previous next

Thereupon Brasidas re-enters Amphipolis, and determines to attack the Athenians in two divisions commanded respectively by himself and Clearidas.

καὶ αὐτός: these words indicate reciprocity in the movements of the two parties. Brasidas returned to the city which Cleon had approached. Cf. c. 7. 8 ff. εὐθὺς ὡς εἶδε κινουμένους τοὺς Ἀθηναίους is the natural consequence of κατεφαίνετο πάντα αὐτόθεν in c. 6. 12.

δεδιὼς τὴν αὑτοῦ παρασκευήν: οὐ θαρρῶν τῇ ἰδίᾳ παρασκευῇ, Schol. His force consisted mainly of mercenaries. Cf. iv. 80. 22.—ὑποδεεστέρους: refers in accordance with frequent usage to παρασκευήν (G. 138, N. 3; H. 615 a), and is therefore not to be changed (with Portus) to ὑποδεέστερος.

ἀντίπαλα : without reference to a definite subj. Cf. i. 7. 8; ii. 56. 4; iii. 88. 4; iv. 117. 13.—ἀξιώματι: almost with the meaning of excellence, efficiency (τῇ δυνάμει, Schol.); but their reputation, with the respect arising from it, is also expressed by this word.

καθαρόν: οὐχὶ συγκλύδων οὐδὲ ἐπικούρων, ἀλλ᾽ αὐτῶν τῶν πολιτῶν, Schol. Cf. χρηστοῖς καταλόγοις ἐκκριθέν, vi. 31. 28. Similarly Hdt.i. 211. 3 and iv. 135. 10, τὸ κα- θαρὸν τοῦ στρατοῦ. Plut. Aem. P. 8, αὐτῶν τῶν Μακεδόνων ἀρετῇ καὶ ἡλικίᾳ τὸ καθαρώτατον.—Λημνίων καὶ Ἰμβρίων: Attic cleruchi, often mentioned together as trusty followers, iii. 5. 5; iv. 28. 18; vii. 57. 8.— 8. τέχνῃ: by artifice. Cf. c. 18. 16. Const. with ἐπιθησόμενος, which is fut. partic. without ὡς expressing purpose after παρεσκευάζετο. Similarly ii. 91. 8; vi. 54. 18; vii. 17. 2; viii. 59. 2.

ἀναγκαίαν οὖσαν: barely sufficient, such as had been obtainable under the circumstances. Cf. vi. 37. 17. A similar use of the superl. occurs in i. 90. 21; 82. 10.

αὐτῶν: objective gen. referring to Brasidas's own forces. ἄνευ προόψεως αὐτῶν is equiv. to εἰ μὴ αὐτοὺς προίδοιεν. What follows carries out the same idea, the emphasis upon the consequence which was to be avoided being made stronger by the use of μὴ ἀπὸ instead of ἄνευ (for similar phrases, cf. i. 91. 28; iii. 40. 28, 30; iv. 130. 26; vii. 15. 12; 70. 49). καὶ μὴ ἀπὸ τοῦ ὄντος καταφρονήσεως is equiv. to καὶ εἰ μὴ τοῦ ὄντος (i.e. their real weakness which would then appear) καταφρονήσειαν. “If he showed his weakness to the enemy, he thought he should be less likely (οὐ μᾶλλον for ἧττον) to gain a victory than if they did not see his forces and learn to despise them.” This explanation is adopted from that of Schütz, Ztschr. f. d. Gymn. Wesen 12, p. 406, and St., Symbola Philologorum Bonnensium, p. 387 f.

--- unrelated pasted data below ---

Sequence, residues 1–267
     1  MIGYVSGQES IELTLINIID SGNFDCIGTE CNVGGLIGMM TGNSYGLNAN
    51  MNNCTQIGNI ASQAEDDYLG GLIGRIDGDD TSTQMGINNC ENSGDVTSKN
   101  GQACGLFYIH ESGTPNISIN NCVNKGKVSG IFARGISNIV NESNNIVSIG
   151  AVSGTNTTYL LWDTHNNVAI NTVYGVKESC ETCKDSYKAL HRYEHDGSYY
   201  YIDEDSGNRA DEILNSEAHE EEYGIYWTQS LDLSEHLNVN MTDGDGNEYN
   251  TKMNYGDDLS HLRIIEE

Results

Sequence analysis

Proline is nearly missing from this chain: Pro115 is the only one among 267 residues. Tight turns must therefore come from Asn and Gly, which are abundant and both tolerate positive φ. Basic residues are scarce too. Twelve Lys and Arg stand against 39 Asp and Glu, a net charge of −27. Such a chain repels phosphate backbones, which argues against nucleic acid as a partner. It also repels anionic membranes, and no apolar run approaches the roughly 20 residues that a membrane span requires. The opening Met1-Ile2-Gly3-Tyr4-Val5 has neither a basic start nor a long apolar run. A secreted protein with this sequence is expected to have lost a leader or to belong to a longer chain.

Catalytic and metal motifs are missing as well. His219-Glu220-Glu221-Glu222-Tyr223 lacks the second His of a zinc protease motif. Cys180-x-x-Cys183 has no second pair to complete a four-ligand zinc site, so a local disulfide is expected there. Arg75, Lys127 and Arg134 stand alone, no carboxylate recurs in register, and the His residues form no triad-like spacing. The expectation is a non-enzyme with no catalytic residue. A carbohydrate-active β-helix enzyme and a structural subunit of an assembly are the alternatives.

προστάξας: προστάσσειν, hand over to, place under the command of. Cf. vi. 42. 8, κατὰ τέλη στρατηγῷ προστεταγμένοι.

ἀπολαβεῖν : cut off, get into his power, as in ii. 90. 20; iv. 14. 19.

τύχοι ἐλθοῦσα: equiv. to τύχῃ ἔλθοι.

φράσαι: tell accurately. Cf. i. 145. 4 and note; iii. 42. 10 and note.

Creative Commons License
This work is licensed under a Creative Commons Attribution-ShareAlike 3.0 United States License.

An XML version of this text is available for download, with the additional restriction that you offer Perseus any modifications you make. Perseus provides credit for all accepted changes, storing new additions in a versioning system.

hide References (29 total)
hide Display Preferences
Greek Display:
Arabic Display:
View by Default:
Browse Bar: